Sunday, March 28, 2010
Reflections on the MCA Party Election.
The process and results of the MCA party election on March 28, give room for a lot of reflections. Not only on the meaning of democracy in this country but also on some aspects of the underlying value system which makes this country tick. Other component parties in Barisan have a lot to learn from the MCA.
The most striking thing about the MCA party election is the smoothness of the process, especially at the election. There does not appear to be any money politics involved. If there was, it was well-hidden and it does not seem to interfere with the final outcome where the most troubled candidate for the presidency, emerged as the winner. An incumbent leader and an ex-president were put aside, reflecting no emotional or sentimental attachment to current or ex-power wielders. Private matters which could pull down or even bury candidates for a top political post in other parties especially UMNO, also did not interfere with the final, crucial, political decisions.
Admittedly. the processes leading to the party election seemed troubled and full of suspense. But the election itself went off very, very smoothly. To me it's a model party election, without any restrictions for the naming of candidates. The ex-President, Tan Sri Ong Ka Ting, joined in the fray at the eleventh hour and there was no voice of dissentient. It seemed to me that anyone who felt he or she has enough support to become a candidate for the presidency would be welcome; there was no disqualifiers or conditions imposed. That's democracy as far as I'm concerned.
Most obvious was the lack of campaigning through the media where each candidate tries to vilify his opponents in the strongest of terms. We don't know whether that happened in the Chinese Press or not but whatever leaked out to the mainstream media was negligible. As a keen follower of the contest, I could not form any negative opinion about the candidates based on media reports. Dr Chua Soi Lek was a model of silence and modesty in as far as a candidate for a party presidential election is concerned. I've no doubt that that gave him a lot of support. The other candidates for president, deputy president and vice presidents, were also not involved in trying to do each other in through the Press. Can we say the same in the party election of other parties?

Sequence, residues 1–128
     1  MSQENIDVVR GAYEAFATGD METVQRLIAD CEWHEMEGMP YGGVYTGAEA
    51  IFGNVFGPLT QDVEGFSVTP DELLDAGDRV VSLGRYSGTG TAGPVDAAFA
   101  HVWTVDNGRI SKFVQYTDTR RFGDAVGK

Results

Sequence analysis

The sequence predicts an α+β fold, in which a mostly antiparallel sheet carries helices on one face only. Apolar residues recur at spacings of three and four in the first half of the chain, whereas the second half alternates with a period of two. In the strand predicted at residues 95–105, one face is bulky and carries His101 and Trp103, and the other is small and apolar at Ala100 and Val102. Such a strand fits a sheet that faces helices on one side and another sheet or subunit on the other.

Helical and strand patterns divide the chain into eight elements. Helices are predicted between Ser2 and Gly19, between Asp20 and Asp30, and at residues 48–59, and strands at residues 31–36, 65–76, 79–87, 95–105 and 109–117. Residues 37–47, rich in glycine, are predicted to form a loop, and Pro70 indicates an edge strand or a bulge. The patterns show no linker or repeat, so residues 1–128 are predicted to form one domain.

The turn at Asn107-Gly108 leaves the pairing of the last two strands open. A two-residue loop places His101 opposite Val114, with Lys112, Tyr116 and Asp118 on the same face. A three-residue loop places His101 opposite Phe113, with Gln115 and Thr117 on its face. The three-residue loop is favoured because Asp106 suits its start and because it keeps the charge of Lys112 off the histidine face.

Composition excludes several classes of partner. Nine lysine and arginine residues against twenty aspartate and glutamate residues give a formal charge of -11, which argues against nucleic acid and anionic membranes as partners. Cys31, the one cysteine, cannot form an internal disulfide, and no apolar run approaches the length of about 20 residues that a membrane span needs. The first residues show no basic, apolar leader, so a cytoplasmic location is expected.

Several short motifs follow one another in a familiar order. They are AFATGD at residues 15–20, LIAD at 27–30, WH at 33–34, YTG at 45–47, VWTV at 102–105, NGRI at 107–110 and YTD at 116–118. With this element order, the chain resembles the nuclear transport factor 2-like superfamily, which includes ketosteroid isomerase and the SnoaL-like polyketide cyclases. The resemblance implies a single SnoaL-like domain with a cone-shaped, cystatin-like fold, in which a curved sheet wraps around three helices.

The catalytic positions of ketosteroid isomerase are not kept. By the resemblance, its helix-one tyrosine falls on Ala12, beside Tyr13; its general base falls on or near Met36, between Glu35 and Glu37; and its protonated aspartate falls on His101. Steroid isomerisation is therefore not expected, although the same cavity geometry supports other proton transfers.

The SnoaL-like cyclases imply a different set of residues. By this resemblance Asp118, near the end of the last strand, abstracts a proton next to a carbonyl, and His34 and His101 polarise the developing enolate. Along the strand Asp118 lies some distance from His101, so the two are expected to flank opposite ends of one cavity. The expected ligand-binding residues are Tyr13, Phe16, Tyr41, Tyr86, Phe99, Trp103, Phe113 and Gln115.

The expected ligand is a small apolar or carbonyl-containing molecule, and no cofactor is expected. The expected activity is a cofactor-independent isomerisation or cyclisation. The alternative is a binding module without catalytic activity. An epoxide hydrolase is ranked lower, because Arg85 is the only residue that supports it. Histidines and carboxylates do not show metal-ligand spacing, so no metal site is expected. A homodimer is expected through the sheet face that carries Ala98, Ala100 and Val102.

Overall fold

In brief we did not see delegates breaking up into three distinct groups as we moved towards the election date, standing behind and showing their support for their own favorite. There was no distinct team A, team B, team C or team D as we used to see in other party elections. I'm sure such alignment or division existed but it did not interfere with the smooth running of the election nor stir up undesirable confrontations or fracas, during the election. MIC and even UMNO can learn a lot from this as much as the other component parties in Barisan. It would appear that money politics and the bad-mouthing or back-stabbing of each other to gain public support and popularity during election campaigns, are the most pathetic and the most destructive pathological factors in election campaigns both at the Party or State and National levels.
The outcome of the MCA election is now known and the election has been pretty smooth. Let us wait and see whether it has succeeded in ending the leadership crisis which had plagued MCA for almost two years. Meanwhile, congratulations to all the newly elected leaders, the victorious and the vanquished. It's most encouraging to see that all candidates seemed to be satisfied with the decision made by the delegates and there's no bad-mouthing after the act or what the Malays describe as "rumah sudah pahat berbunyi," (The house is done but the wedges keep howling). The democratic attitude and open mindedness of the delegates shown by the MCA party election are exemplary.